Malcolm Emilio – from Kensington murals to high-end art galleries

Malcolm Emilio

Malcolm Emilio is a self-taught artist – an artistic denizen of the Kensington Market neighbourhood. He’d frequently have fruit with him — but not just to eat. He’d use the rinds to move paint around the canvas.

He was “discovered” by Toronto’s Liss Gallery. Malcolm Emilio (who goes by his two first names) is now represented by the Yorkville gallery, which hosted a solo exhibition of his paintings last summer. And it’s all because he skated up to that high-end neighbourhood one day, canvas in hand. Passersby, including one influential person from the gallery, were quickly captivated by this Rastaman with the experimental style.

His work pops with colour. The playfulness of his childlike imagery invites the viewer to consider the political undertones of his work. He’s a sort of a magical figure, conjuring works with the same ingredients he’d use to make a vegan meal, and he often speaks passionately of crystals and a non-Western colour theory.

These days, Malcolm Emilio spends less time in the Market. He has traveled to Central and South America, the Caribbean and the United States in the last four years, and he is often commissioned to make large-scale murals for hospitals and community centres while abroad. The self-taught painter shared the story of how he launched his career by painting in the street.

Emilio said that he got connected with the Liss Gallery while, “Painting outside! So I’m painting, one of my first times going to Yorkville because I was always like, “I wonder what the vibes is over there?” And this gentleman comes out and he’s like, “How much are you selling that painting for? 10,000, right?”

I looked at him and I was just like, “Well, you know if that’s what it is then that’s what it is.” He gave me like a quick two-minute [talk] saying, “Hey, you gotta know where you are. If someone comes and talks to you, it’s because they want that and not because they like it.”

Within [a] couple of minutes of him opening that window, [another] gentleman walks up. “How much you want for that?” And I look up to him and I was just like, “$2,000?” He’s like, “That it? Come hang that at my gallery when it’s done.” And I was like, “Your what?” So I finished up the painting and walked over there and sure enough, [he] put it up in the front window — and that was kind of the start.

Given the way he expresses himself sometimes leads to his art being misunderstood or misconstrued.

Yes, he said, “I had my solo show with the gallery last year. So all my descriptions are up and [the gallery] is calling me like two hours before the show, like, “Malcolm. There’s a word here in all of the descriptions and I don’t know what it means. I don’t know what it says.” He’s like “Meline… Melin… Mela… Melanine.” He was not familiar with word.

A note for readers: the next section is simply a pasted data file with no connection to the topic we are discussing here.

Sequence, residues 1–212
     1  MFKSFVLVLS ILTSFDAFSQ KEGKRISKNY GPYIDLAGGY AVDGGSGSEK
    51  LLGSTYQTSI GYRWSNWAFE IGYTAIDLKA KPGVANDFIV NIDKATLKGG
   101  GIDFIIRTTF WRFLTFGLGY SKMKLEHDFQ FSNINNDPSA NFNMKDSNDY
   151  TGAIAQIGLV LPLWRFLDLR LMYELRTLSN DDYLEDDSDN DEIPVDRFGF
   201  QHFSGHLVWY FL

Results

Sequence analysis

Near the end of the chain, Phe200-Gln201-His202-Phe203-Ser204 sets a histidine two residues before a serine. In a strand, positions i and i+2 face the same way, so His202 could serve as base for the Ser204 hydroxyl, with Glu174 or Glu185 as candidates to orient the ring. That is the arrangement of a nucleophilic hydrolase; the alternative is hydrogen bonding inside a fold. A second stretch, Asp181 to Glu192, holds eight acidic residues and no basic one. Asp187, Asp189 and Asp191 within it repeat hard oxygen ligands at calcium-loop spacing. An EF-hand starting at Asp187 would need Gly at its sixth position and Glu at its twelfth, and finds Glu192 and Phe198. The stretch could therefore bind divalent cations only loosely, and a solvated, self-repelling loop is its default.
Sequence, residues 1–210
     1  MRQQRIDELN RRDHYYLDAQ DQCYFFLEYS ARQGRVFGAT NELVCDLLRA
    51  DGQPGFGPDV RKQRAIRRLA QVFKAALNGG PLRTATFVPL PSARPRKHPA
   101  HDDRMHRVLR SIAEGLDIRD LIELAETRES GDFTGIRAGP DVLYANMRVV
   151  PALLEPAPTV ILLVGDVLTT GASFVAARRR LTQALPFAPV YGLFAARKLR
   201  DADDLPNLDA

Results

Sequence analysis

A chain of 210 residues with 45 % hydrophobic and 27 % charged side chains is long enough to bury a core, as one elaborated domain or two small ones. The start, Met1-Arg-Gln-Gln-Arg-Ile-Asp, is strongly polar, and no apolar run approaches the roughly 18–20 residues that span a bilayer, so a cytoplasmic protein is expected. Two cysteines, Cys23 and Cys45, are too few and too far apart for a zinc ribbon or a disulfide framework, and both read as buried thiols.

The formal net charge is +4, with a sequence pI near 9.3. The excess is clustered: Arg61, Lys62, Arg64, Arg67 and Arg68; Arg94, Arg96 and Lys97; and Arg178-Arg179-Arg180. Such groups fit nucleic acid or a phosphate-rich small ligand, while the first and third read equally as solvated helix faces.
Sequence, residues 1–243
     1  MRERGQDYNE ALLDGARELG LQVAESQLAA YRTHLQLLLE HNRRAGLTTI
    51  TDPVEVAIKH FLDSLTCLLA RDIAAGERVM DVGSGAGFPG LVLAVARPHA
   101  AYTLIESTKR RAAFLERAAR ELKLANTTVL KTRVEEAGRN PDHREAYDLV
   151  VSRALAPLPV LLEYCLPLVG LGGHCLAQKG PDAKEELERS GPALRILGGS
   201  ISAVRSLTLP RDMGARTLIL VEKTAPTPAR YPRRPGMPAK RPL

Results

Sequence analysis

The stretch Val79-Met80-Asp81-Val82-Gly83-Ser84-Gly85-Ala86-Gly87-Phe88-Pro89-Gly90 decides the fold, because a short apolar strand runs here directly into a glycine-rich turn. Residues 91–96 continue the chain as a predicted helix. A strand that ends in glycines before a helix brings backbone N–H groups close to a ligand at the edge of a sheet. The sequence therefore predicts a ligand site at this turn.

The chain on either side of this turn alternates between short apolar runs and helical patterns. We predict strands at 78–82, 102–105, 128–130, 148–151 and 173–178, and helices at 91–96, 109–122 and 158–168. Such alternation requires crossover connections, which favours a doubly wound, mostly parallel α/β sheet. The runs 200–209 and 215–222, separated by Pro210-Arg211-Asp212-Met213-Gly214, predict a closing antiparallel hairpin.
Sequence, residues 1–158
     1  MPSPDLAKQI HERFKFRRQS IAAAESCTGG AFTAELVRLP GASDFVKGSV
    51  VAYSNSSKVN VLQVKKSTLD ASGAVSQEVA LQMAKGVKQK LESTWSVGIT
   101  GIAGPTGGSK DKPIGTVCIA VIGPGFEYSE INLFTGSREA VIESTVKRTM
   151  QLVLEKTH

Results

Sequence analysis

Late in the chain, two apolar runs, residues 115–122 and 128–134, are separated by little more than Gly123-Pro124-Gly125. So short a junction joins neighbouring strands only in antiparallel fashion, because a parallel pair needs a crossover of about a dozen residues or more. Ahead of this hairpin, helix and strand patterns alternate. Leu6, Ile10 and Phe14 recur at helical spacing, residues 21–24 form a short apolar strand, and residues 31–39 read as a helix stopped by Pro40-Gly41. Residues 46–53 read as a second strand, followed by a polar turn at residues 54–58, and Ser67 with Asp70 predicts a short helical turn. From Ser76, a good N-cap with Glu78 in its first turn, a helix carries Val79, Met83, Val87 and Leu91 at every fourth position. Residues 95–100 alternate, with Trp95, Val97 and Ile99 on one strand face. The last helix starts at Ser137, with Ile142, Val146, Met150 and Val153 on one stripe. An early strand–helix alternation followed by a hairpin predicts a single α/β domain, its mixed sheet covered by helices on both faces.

Emilio said, “You’ll probably be the only one at that show that doesn’t know what that word is.” So when I’m in a place where I’m talking about my art and I’m asked to filter that, I’ve just had to gauge different levels of what that filtration meant — have an articulation that gives people better reference points of what you’re saying.

He said he began creating art after he was kicked out of high school when was “young.” They said he was a distraction to the other kids in the class. They said h talked too much. In his words he said he was a class clown. The same thing happened in adult school. “So I took a chance to start working and create my own brands, my own clothes — and the artwork became an expression.”

His mother noticed the quality of his T-shirt paintings and encouraged him to paint on canvas. He spent his days in his room painting. One day he said he couldn’t stop working on this piece. “So I took it to the alternative school I went to just to get my GED and one of the teachers was like, ‘I want to buy that.’” I’d never thought of selling my art — I would just do these shaking techniques of the canvases and I would blow. That’s when [I started using] the fruit peels. I would just try so many different things.”

He said that he had never heard of Picasso or Basquiat or such names. Then when he moved back to Toronto, that’s when I saw Basquiat and that’s when I saw the AGO and that’s when I was like, “Oh, there’s a whole art world.” I was clueless to art.

The rest is history.